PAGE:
As a scholar, Michael Dodds has always been interested in how musicians conceptualize musical structures, especially in the areas of mode and counterpoint. Active as conductor and composer, he also enjoys playing the violin in everything from Bach to bluegrass. After a period working for the U.S. government in D.C. and the United Nations in Austria, he earned his doctorate in musicology at the Eastman School of Music in Rochester, New York. He joined the School of Music in 2005, and also serves as Director of Worship, Music & the Arts at First Presbyterian Church of Winston-Salem.
My pre-eminent goal is to help my students make their own meaningful connection with music of the past. This connection goes beyond helping them be informed and effective as performers, composers and teachers; it also deepens students' aesthetic experience of life, illumines what it means to be human and nourishes them in their growth as musicians and persons.
- Researched topics such as the transition from modes to keys, liturgical performance practices in the late Renaissance and Baroque eras, contrapuntal improvisation in the Baroque era, musical iconography and the mapping and navigation of tonal space in the age of exploration.
- Published in Journal of Musicology, Journal of Seventeenth-Century Music, Philomusica Online, and Barocco Padano, as well as in multi-author books, festschrifts and in reference works such as the New Grove Dictionary of Music and Musicians and the Garland Encyclopedia of Medieval Germany.
- Presented work at numerous conferences and universities in the United States and Europe, including the American Musicological Society, the Society for Seventeenth-Century Music, the American Guild of Organists and the biennial International Conference on Baroque Music.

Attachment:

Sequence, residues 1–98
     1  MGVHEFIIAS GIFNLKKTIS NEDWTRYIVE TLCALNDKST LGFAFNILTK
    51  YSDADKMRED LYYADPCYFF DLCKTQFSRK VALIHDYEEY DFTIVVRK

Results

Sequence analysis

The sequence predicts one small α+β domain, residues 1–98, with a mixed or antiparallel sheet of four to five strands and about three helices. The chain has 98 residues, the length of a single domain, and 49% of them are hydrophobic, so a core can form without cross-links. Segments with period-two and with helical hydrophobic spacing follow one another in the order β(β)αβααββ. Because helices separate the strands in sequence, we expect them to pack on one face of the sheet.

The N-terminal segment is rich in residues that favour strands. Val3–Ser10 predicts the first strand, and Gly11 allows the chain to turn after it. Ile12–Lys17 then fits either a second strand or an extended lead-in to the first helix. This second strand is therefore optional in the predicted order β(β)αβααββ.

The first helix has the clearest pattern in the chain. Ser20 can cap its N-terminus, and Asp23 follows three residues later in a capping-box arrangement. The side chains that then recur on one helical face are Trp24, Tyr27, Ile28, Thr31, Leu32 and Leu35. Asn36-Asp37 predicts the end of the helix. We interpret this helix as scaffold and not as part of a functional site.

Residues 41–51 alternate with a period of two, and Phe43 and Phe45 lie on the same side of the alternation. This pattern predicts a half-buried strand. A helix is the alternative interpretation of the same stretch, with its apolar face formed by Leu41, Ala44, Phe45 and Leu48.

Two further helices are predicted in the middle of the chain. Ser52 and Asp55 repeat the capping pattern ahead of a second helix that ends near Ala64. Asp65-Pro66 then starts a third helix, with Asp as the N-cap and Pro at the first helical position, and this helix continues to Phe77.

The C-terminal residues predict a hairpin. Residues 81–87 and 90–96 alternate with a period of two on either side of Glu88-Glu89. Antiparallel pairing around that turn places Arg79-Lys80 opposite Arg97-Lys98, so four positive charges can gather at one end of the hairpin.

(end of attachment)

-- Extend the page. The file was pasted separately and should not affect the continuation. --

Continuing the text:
- Spent the 2015-16 academic year as a senior research scholar at Yale University, where he wrote a book and taught on the music of Bach. His book, “From Modes to Keys: The Organ in Baroque Liturgy,” is forthcoming from Oxford University Press.
- Invited to deliver the prestigious 2016 Tangeman Lecture at Yale: “Style and Spirituality in Monteverdi’s 1610 Vespers.”
- His choral symphony, “I Will Exalt You, My God the King,” a 39-minute setting of Psalm 145, commissioned for the anniversary of a Winston-Salem non-profit organization, was premiered in November 2013 to great acclaim and is the subject of a forthcoming feature-length documentary, “Blessed Unrest.”
Awards, Recognitions and Honors
- Research has been supported by fellowships from the Yale University Institute of Sacred Music, Fulbright Foundation, National Endowment for the Humanities, Kenan Institute for the Arts and numerous UNCSA faculty development grants.
- UNCSA Excellence in Teaching Award, 2009
- American Musicological Society
- Society for Seventeenth-Century Music